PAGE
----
Gilbert & Sullivan meets Monty Python – TheArticle


Gilbert & Sullivan’s “HMS Pinafore”, their hilarious send-up of the English class system and the hypocrisy of some who rise to the top, can still make us laugh. Cal McCrystal’s new production for the English National Opera did not disappoint, thanks not least to superbly executed choreography throughout. The numerous bits of extra stage business, such as the birds and the shooting of an albatross, were well-judged and never over the top. Witty additions to the text by McCrystal and Toby Davies, such as “levelling up”, and the unexpected appearance of a well-known politician — no spoilers — enhanced the glorious rendition of “he remains an Englishman”.

So this was an evening to enjoy, to take us away from everyday cares, and a reminder not to take life too seriously. It was a far cry from ENO’s season opener: Philip Glass’s “Satyagraha”, dealing with Gandhi’s non-violent rejection of the British Raj.

Here the rulers and the ruled are supposedly all equals, according to the comic Sir Joseph, First Lord of the Admiralty — except, of course, for himself. Sir Joseph tells us how he rose from obscurity and, having barely been to sea, became “the ruler of the Queen’s Navee”. It reflects the British Victorian belief that, in the mocking words of a rhyme from the time, the thing of principal effect is character, not intellect. Sir Joseph, in a witty performance by Les Dennis, thinks he has it, whatever it is, and Gilbert & Sullivan give us room to laugh at his pomposity, as well as the merry chants delivered by “his sisters, and his cousins, and his aunts”.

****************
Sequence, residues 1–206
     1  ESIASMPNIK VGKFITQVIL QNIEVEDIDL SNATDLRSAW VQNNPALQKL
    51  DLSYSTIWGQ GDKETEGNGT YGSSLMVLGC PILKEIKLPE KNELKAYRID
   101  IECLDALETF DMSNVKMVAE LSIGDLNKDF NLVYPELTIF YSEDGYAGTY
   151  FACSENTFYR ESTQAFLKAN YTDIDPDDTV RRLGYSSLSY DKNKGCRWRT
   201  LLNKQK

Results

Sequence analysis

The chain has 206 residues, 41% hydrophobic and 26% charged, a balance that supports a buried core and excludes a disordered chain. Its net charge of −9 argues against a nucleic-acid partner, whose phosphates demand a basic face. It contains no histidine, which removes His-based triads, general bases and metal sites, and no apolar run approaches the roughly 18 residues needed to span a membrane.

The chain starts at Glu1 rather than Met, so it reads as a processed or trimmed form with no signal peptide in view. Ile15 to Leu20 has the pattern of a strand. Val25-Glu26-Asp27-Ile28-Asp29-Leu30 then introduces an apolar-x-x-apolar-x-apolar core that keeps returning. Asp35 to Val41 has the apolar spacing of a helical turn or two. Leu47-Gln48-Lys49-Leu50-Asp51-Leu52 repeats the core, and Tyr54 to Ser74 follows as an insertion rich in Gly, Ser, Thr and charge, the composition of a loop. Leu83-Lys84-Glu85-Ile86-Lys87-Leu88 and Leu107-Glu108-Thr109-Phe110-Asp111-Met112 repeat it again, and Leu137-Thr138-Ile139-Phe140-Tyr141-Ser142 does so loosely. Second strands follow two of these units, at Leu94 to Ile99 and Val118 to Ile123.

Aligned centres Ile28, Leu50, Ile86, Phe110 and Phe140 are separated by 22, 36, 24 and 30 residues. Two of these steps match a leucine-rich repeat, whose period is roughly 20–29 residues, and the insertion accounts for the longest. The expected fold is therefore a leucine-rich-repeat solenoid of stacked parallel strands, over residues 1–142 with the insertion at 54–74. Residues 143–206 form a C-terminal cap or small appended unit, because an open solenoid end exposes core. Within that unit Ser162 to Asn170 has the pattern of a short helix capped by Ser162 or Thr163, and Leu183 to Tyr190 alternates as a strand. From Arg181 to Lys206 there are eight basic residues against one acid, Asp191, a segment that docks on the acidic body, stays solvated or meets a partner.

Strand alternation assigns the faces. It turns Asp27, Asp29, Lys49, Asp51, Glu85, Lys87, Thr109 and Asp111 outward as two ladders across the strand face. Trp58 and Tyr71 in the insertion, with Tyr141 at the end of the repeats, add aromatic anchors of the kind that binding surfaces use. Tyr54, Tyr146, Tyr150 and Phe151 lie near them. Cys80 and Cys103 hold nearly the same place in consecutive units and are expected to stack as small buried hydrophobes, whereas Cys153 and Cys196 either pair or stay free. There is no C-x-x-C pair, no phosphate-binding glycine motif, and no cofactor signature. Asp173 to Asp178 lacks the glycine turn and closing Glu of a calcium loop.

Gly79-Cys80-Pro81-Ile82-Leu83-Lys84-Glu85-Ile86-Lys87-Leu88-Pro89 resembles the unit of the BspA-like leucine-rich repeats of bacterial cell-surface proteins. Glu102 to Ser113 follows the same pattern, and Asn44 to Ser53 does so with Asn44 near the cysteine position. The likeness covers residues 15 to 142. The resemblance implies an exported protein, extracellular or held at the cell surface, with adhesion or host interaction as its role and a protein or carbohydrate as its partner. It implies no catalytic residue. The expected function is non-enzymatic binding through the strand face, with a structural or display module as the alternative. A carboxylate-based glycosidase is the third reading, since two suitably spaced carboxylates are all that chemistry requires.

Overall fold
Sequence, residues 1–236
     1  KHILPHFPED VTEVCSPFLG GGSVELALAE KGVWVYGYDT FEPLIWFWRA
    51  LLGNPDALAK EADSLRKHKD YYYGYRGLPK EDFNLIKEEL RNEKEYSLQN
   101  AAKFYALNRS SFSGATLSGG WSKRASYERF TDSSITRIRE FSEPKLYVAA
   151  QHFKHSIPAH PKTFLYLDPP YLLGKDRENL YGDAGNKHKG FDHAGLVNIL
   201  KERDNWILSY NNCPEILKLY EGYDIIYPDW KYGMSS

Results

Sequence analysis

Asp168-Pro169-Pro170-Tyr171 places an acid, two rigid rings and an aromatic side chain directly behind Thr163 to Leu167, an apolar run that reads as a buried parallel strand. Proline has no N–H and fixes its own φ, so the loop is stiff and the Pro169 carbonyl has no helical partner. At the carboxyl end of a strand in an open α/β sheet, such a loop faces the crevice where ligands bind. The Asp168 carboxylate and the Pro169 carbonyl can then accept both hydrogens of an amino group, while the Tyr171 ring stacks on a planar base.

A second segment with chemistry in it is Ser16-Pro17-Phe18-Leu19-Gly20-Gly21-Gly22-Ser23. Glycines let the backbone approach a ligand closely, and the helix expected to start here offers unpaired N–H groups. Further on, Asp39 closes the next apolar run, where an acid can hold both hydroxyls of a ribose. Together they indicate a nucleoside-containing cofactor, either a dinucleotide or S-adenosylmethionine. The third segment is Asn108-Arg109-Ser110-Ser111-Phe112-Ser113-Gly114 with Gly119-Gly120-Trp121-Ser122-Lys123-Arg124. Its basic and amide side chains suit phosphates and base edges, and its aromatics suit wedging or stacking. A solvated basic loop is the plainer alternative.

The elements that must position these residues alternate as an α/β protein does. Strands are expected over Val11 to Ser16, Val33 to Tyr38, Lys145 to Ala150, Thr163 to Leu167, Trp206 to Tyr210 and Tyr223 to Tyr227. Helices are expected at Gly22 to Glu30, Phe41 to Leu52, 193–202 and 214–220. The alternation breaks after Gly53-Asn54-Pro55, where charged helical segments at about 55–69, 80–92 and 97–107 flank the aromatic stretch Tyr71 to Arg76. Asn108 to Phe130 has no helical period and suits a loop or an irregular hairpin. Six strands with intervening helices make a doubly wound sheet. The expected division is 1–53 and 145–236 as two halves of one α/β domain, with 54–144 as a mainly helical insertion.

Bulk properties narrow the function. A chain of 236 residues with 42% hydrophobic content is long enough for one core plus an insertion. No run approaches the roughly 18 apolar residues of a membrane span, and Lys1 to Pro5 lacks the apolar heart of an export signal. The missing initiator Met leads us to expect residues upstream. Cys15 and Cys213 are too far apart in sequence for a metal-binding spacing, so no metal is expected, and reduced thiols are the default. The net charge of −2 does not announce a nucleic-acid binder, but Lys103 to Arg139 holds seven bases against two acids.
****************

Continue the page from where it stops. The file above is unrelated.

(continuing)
This was fun, it made me smile, and the tacky, over-elaborate dresses of Sir Joseph’s female relatives hit just the right note. Excellent designs by the Greek designer takis, superb lighting by Tim Mitchell, and Lizzi Gee’s choreography were all a delight. The performance by 9-year-old Rufus Bateman as the cabin boy was sheer joy, and in the tap dance routine at the start of Act II when he is joined by John Savournin as Captain Corcoran followed by various sailors, the audience joined in to beat the time. It is very much to Ms Gee’s credit that she got the whole cast moving to her choreography with the music and with a precision that did the chorus proud.

Credit is also due to the direction of conductor Chris Hopkins, whose previous work for the ENO has included “Iolanthe”, “The Mikado” and Mozart’s “Magic Flute”. Superb singing and acting by the young Alexandra Oomens as the Captain’s daughter, Josephine, added to the gaiety. Most other vocal contributions were underwhelming, but it doesn’t really matter. This production, in which the Victorian humour of Gilbert & Sullivan meets the world of Monty Python, is hugely enjoyable.


RSS Feeds

Leave a Reply

Your email address will not be published.

Related Posts